Another straw man argument.
Who is arguing that the government cannot or should not impose taxes on the citizenry? Who is arguing that there is no duty upon a member of share in the costs of keeping society together?
The difference between you and Baldimo and Chai (among others) is that you believe in far less restraint on the government's power to tax than they do. To suggest that either of them is arguing against the existence of government or even it's legitimate power to impose taxes is absurd.
American society only "allows" people to obtain wealth in the sense that it provides a framework in which the process can occur. It does not "allow" in the sense that it grants permission, which can at anytime be taken away. This latter use is much more in keeping with your way of thinking about society, and more specifically, government.
It is possible, you know, for reasonable people to disagree on the scope of the government's function, how much money it requires to carry out that function, and what are the fair and legitimate means for it to obtain that money. The rules which create an environment where people are "allowed" to prosper apply to the government as well as the governed. In this nation, at least, we have a constitutions that gives permission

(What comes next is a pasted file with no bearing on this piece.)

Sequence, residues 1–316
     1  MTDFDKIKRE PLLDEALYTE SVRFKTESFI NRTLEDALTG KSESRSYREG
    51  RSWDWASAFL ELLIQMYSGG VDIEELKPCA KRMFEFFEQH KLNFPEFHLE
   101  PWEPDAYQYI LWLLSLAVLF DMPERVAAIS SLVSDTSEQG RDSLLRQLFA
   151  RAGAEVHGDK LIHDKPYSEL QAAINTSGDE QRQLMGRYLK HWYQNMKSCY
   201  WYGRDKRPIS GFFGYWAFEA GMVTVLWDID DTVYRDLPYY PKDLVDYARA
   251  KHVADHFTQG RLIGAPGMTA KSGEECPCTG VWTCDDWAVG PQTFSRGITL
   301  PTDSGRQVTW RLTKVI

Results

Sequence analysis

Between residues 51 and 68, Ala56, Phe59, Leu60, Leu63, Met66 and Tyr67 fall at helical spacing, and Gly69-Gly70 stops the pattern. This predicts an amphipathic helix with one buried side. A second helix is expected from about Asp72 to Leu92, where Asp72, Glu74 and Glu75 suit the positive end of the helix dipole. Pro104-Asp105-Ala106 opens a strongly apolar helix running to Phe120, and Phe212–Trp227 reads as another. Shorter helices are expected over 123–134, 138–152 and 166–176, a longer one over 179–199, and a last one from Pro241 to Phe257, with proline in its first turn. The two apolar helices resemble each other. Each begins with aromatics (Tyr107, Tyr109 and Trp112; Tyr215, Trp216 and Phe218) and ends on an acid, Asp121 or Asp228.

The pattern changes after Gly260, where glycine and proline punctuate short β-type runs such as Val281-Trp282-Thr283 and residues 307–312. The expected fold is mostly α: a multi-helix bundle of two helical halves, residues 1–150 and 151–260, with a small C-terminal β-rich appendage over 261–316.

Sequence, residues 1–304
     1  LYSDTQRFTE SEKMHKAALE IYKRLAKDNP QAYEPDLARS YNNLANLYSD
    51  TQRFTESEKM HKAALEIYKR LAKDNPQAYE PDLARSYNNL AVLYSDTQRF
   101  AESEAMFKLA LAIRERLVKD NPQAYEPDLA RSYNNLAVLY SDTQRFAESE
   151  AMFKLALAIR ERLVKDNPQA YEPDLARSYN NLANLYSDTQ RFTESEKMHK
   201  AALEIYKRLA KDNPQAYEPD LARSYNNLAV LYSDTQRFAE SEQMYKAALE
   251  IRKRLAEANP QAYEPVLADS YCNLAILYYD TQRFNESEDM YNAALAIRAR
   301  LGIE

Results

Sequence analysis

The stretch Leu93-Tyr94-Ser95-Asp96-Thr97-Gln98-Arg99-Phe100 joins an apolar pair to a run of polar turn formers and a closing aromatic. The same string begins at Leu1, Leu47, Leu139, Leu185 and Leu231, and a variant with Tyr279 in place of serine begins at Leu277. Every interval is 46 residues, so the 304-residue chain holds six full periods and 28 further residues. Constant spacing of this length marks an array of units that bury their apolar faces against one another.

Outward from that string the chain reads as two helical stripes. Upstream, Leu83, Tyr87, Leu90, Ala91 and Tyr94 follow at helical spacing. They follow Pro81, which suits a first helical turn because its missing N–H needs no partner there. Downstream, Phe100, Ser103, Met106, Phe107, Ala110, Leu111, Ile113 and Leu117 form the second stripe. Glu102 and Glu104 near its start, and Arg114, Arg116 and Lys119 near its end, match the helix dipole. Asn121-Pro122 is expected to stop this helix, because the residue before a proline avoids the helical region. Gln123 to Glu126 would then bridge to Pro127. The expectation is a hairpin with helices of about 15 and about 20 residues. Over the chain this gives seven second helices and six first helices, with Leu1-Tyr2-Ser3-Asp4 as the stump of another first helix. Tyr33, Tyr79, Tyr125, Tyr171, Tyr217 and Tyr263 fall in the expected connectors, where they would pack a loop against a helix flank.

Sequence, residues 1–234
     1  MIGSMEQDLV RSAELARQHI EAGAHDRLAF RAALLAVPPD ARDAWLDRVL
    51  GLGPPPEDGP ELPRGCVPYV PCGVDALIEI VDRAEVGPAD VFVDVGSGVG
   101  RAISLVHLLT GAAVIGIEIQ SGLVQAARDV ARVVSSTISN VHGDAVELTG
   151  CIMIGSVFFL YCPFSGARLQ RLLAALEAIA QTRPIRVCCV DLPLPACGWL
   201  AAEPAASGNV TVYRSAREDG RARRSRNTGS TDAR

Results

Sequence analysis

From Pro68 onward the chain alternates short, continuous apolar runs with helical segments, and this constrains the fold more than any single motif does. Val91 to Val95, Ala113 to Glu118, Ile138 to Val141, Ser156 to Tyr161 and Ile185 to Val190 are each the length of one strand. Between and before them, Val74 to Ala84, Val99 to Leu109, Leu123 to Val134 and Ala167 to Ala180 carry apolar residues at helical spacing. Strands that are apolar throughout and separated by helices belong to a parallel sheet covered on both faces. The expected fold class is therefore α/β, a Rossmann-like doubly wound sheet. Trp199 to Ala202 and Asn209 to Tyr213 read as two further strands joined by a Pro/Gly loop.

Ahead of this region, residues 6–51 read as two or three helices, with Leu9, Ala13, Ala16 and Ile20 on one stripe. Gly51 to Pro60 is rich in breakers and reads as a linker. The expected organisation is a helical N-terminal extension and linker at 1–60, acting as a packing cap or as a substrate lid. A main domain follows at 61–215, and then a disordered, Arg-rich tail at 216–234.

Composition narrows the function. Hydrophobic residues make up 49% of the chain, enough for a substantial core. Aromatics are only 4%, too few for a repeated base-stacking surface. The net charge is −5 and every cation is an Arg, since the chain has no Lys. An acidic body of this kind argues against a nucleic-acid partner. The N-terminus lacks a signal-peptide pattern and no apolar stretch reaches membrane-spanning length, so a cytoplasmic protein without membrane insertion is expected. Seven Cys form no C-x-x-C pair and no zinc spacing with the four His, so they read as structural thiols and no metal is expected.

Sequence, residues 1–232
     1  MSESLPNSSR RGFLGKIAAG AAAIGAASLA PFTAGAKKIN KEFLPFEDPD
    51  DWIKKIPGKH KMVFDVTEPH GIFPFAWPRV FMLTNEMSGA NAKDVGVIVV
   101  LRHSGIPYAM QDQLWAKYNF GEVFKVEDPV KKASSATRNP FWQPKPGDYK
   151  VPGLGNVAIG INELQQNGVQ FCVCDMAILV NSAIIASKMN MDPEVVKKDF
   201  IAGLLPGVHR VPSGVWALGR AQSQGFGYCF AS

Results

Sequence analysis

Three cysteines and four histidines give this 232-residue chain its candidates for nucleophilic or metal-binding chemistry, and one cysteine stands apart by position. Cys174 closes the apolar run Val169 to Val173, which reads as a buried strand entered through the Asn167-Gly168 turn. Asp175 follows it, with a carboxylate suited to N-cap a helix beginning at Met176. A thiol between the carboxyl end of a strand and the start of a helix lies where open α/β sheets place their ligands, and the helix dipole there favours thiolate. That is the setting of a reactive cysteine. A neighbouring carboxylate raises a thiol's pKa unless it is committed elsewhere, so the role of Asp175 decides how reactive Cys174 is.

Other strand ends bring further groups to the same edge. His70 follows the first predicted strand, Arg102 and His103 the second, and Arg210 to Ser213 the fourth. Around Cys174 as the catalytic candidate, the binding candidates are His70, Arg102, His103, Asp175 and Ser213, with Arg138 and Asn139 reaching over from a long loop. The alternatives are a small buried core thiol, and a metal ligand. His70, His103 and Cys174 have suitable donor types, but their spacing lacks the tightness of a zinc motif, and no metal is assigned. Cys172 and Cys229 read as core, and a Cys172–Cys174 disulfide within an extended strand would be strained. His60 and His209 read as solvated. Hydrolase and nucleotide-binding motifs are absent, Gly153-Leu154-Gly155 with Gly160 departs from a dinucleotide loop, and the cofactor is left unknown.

to the government to govern and that permission is not without limitations.
By your argument too, everyone who benefits from society should be required to contribute to it maintenance, so do you believe that everyone should be taxed, in a manner in which they actually pay something, on whatever income they have?
And before you go there, it is also possible for reasonable people to disagree on the extent to which society is responsible for people who cannot take care of themselves and how to define who these people are. Because someone doesn't share your notion of the extent to which the government should redistribute wealth doesn't mean they are heartless Social Darwinists, as much as calling them such things help you to feel morally superior.